Gill Charlton has been fighting for Telegraph readers and solving their travel problems for more than 30 years, winning refunds, righting wrongs and suggesting solutions.
Here is this week’s question:
In June this year, my wife and I made a hotel reservation on North Uist, Scotland, through booking.com. We provided credit card details and the hotel said it would take payment 30 days before our arrival.
A few days ago I received a message from the hotel via booking.com, saying my reservation might be cancelled as my card had not been automatically verified and that I must click on the provided link and re-enter my card details.
When the card I’d used to confirm the reservation was refused, I tried with my Barclaycard. This seemed to go through but, a short time later, a Barclaycard agent phoned to say that booking.com had been hacked by fraudsters who had tried to take £340 from our account. Fortunately, Barclaycard had blocked the payment.
We are usually alert to these scams, but because the request contained an earlier message trail with the hotel, and was from the usual firstname.lastname@example.org address, we assumed it was genuine.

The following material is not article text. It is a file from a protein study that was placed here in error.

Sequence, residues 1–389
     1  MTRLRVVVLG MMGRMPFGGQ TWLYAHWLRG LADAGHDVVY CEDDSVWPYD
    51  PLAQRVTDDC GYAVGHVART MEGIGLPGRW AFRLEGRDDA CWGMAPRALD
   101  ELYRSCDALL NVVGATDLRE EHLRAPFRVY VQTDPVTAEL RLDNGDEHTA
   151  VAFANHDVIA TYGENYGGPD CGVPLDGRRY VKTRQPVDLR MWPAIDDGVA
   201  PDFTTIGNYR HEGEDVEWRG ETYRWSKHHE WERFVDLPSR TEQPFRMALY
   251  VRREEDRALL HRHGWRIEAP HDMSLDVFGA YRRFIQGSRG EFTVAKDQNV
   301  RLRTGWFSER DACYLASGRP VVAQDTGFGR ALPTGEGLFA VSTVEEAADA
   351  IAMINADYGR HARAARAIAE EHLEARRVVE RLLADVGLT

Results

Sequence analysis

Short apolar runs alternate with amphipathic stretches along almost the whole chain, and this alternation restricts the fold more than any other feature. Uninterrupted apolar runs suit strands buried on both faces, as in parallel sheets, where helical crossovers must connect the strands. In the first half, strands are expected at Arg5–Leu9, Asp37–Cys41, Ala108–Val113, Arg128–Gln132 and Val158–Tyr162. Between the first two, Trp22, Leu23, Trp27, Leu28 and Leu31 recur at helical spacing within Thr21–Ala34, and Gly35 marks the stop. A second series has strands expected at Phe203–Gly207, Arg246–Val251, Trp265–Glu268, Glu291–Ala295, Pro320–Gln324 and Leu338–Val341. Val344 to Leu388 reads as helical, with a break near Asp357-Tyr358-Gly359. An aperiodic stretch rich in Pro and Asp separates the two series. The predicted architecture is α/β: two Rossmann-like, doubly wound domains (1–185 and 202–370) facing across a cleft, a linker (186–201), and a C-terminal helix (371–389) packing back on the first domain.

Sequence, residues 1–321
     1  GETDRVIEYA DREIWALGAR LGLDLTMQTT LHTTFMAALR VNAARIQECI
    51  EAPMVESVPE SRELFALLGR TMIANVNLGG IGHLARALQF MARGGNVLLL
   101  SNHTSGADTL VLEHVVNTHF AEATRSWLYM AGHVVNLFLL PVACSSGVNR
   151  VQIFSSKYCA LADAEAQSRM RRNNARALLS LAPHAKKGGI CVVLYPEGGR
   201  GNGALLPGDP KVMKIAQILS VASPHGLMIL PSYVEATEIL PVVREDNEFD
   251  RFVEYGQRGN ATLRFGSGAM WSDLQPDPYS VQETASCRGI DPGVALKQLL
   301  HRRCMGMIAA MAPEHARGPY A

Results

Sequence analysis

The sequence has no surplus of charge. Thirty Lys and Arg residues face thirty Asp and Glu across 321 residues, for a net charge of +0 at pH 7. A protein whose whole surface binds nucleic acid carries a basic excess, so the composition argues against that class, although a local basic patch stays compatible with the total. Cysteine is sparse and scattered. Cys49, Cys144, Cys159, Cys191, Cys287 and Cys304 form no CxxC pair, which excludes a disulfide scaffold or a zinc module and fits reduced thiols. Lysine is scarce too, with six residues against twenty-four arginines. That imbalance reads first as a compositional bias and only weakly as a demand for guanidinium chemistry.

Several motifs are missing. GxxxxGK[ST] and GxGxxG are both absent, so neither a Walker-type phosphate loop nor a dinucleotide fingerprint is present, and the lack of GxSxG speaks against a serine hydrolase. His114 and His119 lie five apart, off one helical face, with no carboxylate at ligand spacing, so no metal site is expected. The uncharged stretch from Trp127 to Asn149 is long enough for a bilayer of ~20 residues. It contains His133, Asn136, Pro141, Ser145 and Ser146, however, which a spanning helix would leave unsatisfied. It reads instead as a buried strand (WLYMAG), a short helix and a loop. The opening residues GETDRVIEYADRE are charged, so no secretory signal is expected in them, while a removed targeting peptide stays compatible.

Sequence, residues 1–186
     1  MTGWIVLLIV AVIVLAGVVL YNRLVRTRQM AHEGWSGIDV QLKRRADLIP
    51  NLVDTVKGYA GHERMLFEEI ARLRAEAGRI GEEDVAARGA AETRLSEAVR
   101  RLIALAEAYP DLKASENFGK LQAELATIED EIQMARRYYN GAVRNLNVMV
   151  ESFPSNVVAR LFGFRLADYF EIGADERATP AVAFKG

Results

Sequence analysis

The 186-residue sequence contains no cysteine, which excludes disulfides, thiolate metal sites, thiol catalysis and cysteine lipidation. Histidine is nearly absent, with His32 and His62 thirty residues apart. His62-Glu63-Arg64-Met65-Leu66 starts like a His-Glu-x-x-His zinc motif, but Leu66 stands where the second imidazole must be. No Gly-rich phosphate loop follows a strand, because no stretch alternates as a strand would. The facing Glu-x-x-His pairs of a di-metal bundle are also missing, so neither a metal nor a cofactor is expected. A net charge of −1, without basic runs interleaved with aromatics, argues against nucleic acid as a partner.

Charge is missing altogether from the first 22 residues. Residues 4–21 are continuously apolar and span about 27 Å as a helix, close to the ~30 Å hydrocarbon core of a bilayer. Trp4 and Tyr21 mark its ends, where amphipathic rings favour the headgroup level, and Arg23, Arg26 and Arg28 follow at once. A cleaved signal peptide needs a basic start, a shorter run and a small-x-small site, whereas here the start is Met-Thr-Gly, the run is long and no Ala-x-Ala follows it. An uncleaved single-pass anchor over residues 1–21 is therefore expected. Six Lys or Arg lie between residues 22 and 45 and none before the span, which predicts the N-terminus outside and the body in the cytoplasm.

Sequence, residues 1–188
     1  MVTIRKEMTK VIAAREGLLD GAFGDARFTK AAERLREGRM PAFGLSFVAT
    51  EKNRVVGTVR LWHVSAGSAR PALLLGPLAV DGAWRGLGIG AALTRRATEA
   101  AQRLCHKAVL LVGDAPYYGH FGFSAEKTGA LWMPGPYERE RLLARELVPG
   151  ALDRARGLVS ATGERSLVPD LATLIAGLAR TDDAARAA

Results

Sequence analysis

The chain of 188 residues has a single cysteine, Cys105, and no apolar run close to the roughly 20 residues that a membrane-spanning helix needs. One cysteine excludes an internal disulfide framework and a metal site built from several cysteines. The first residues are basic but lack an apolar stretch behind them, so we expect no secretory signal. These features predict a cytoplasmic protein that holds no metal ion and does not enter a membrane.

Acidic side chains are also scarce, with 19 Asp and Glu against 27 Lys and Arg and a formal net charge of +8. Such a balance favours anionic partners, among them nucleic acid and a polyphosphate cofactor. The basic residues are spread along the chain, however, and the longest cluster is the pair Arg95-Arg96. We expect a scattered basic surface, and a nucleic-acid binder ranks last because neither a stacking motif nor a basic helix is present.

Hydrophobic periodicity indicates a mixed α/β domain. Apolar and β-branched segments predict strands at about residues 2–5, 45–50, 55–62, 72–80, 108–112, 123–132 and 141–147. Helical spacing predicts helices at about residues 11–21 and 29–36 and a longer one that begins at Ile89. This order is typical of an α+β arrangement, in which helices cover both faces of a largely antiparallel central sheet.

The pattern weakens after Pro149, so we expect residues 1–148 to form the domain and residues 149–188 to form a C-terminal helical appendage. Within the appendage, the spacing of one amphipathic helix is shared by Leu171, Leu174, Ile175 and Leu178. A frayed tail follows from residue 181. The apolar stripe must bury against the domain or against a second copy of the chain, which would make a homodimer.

The hotel said that this scam was widespread and that booking.com was aware of it. So why isn’t there a warning on its website?
– Richard Harris
I approached booking.com for an explanation and it took several weeks to get any sort of response. It claims that its own messaging system hasn’t been breached but that some of its accommodation providers have been targeted by phishing emails. By clicking on the embedded links, they had compromised their own security and allowed the fraudsters unauthorised access so they could communicate with guests.
The North Uist hotel is adamant that this was not a security lapse on its part (even though 20 of its guests had been targeted), as no staff members had the booking.com login details and the owner had not received any suspicious emails.
It is not clear who was at fault; booking.com says it is investigating your case but has not contacted the hotel. While it has sent out fraud alerts to accommodation providers about this latest scam, it has not warned customers using its site as it claims this scam has impacted a “small fraction” of users.
Scam messages usually include a sense of urgency and are often poorly worded, with bad punctuation and spelling mistakes. If you receive a message you are unsure of, it is best to phone the hotel directly to discuss the matter.
If the message includes a payment link, it may be to a fake “mirror” site. Hover your cursor over the link and the real destination can be found. Booking.com never asks customers to provide credit card details by text message or email, or to provide verification of a payment card. For more information see its “safety tips for travellers” webpage.
Your travel problems solved
Gill takes on a different case each week – so please send your problems to her for consideration at email@example.com. Please give your full name and, if your dispute is with a travel company, your address, telephone number and any booking reference. Gill can’t answer every question, but she will help where she can and all emails are acknowledged.